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The Centre on Social Movement Studies

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The integrative power of online collective action networks beyond protest. Exploring social media use in the process of institutionalization

Elena Pavan

In this article, we aim at expanding the event-based and protest-centered perspective that is typically adopted to study the nexus between social media and movements. To this aim, we propose a network-based approach to explore the changing role that these tools play during the dynamic unfolding of movement processes and, more particularly, over the course of their institutionalization.

Type: Journal Article
Year: 2016

In this article, we aim at expanding the event-based and protest-centered perspective that is typically adopted to study the nexus between social media and movements. To this aim, we propose a network-based approach to explore the changing role that these tools play during the dynamic unfolding of movement processes and, more particularly, over the course of their institutionalization. In the first part, we read the added value of social media as a function of the ‘integrative power’ of the networks they foster – a unique and evolving form of sociotechnical power that springs from the virtuous encounter between social media networking potential and social resources. In the second part, we investigate this form of power by focusing directly on online networks’ structure as well as on the type of communication and participation environments they host. We apply our proposed approach to the longitudinal exploration of the Twitter networks deployed in the period 2012–2014 during three annual editions of the transnational feminist campaign ‘Take Back The Tech!’ (TBTT). Results from our case study suggest that, over time, TBTT supporters do in fact make a differentiated use of social media affordances – progressively switching their communicative strategies to better sustain the campaign’s efforts inside and outside institutional venues. Thus, the exploration of the TBTT case provides evidence of the usefulness of the proposed approach to reflect on the different modes in which social media can be exploited in different mobilization stages and political terrains.

http://www.tandfonline.com.ezp.biblio.unitn.it/doi/full/10.1080/14742837.2016.1268956

News

19/12/2017

10 Fully funded 4-years PhD positions in Political Science and Sociology, for the AA. 2018/2019, Scuola Normale Superiore

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The grant is for 4 years. it is open to students of all nationalities. Coverage of research expenses (conferences, summer schools, research periods abroads) is provided.

13/12/2017

Call for Paper: Conference “1968-2018, fifty years after: Where is the social movements field going?”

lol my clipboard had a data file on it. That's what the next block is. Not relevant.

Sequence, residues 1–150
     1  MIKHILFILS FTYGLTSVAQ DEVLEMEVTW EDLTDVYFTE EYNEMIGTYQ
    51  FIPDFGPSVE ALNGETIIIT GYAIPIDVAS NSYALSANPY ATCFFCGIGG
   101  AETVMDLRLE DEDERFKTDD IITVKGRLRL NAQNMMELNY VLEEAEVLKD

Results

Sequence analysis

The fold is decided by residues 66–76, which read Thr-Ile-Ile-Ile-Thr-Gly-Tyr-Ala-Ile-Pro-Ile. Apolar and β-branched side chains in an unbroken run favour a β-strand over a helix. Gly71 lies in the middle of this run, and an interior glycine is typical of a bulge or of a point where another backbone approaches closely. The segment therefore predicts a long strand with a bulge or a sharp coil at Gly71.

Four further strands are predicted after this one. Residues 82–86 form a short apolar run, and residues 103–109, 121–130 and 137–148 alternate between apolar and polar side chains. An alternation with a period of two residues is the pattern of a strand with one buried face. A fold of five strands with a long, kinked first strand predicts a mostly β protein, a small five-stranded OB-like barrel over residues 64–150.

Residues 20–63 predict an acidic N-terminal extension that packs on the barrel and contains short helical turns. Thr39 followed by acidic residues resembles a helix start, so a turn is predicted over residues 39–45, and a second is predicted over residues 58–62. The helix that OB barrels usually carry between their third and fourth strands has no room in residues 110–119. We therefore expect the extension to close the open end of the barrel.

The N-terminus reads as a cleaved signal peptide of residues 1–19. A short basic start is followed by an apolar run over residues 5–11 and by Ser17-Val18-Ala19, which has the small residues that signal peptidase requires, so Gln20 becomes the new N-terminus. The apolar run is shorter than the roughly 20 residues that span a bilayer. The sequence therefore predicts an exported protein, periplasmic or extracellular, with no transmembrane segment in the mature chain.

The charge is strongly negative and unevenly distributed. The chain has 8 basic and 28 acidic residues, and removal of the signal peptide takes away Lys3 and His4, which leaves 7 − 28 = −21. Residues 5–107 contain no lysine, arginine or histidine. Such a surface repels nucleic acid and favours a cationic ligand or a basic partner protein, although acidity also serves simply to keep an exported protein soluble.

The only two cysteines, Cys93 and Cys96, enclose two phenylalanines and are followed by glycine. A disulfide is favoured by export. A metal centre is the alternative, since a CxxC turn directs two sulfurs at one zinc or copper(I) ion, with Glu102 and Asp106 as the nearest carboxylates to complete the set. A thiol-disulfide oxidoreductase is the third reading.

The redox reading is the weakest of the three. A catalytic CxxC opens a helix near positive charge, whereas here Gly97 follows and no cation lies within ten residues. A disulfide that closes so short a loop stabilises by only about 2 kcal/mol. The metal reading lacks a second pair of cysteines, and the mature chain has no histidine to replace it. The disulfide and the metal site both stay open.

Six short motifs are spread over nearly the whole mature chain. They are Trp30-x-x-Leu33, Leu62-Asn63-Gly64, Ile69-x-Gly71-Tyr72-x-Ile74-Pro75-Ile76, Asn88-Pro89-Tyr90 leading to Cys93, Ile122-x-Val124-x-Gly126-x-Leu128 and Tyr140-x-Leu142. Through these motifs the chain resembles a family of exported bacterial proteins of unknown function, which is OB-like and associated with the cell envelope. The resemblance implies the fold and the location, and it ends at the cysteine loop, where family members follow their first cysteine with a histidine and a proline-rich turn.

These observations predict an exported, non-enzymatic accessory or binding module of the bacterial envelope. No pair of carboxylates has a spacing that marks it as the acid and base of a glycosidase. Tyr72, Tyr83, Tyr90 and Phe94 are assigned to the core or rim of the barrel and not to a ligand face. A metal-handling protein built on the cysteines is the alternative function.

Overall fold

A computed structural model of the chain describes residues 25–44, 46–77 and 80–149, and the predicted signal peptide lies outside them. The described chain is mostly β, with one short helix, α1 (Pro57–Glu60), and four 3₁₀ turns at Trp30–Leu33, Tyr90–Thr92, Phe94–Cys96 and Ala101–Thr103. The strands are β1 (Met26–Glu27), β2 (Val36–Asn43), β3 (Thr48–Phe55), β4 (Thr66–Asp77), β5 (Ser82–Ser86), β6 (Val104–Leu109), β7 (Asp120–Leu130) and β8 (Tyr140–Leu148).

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Taking the 1968 anniversary as a stimulating moment for reflection, this conference seeks to provide space for looking at the implications of that period on social movement research as well as addressing a number of key questions in current social movement research.

04/12/2017

Martin Portos Garcia wins the ISA's Seventh Worldwide Competition for Junior Sociologists

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The International Sociological Association has just announced the list of the winners of the Seventh Worldwide Competition for Junior Sociologists engaged in social research, amongst which Martin Portos Garcia - post-doc fellow at COSMOS

Publications

Journal Article - 2017

Repertoires of knowledge practices: Social movements in times of crisis

Donatella della Porta and Elena Pavan
Starting from the assumption that knowledge becomes all the more important for movements in times of crisis, as old structures are challenged and new ones envisaged and proved feasible, the purpose of this paper is to suggest ways to expand the toolkit of social movement studies in order to empirically address knowledge practices as a meaningful part of contemporary progressive activism.

Journal Article - 2017

Keeping dissent alive under the Great Recession: no-radicalisation and protest in Spain after the eventful 15M/indignados campaign

Martín Portos
Traditional theories of collective action would predict that, after a triggering event, the trajectory of a wave of protest is determined by the institutionalisation–radicalisation tandem. Based on the Spanish cycle of anti-austerity and against the political status quo protest in the shadow of the Great Recession, this article contends with this approach, as a clear trend towards radicalisation is never observed as the cycle unfolds. An alternative interpretative framework is developed to understand protest trajectories when collaborative inter-organisational strategies prevail.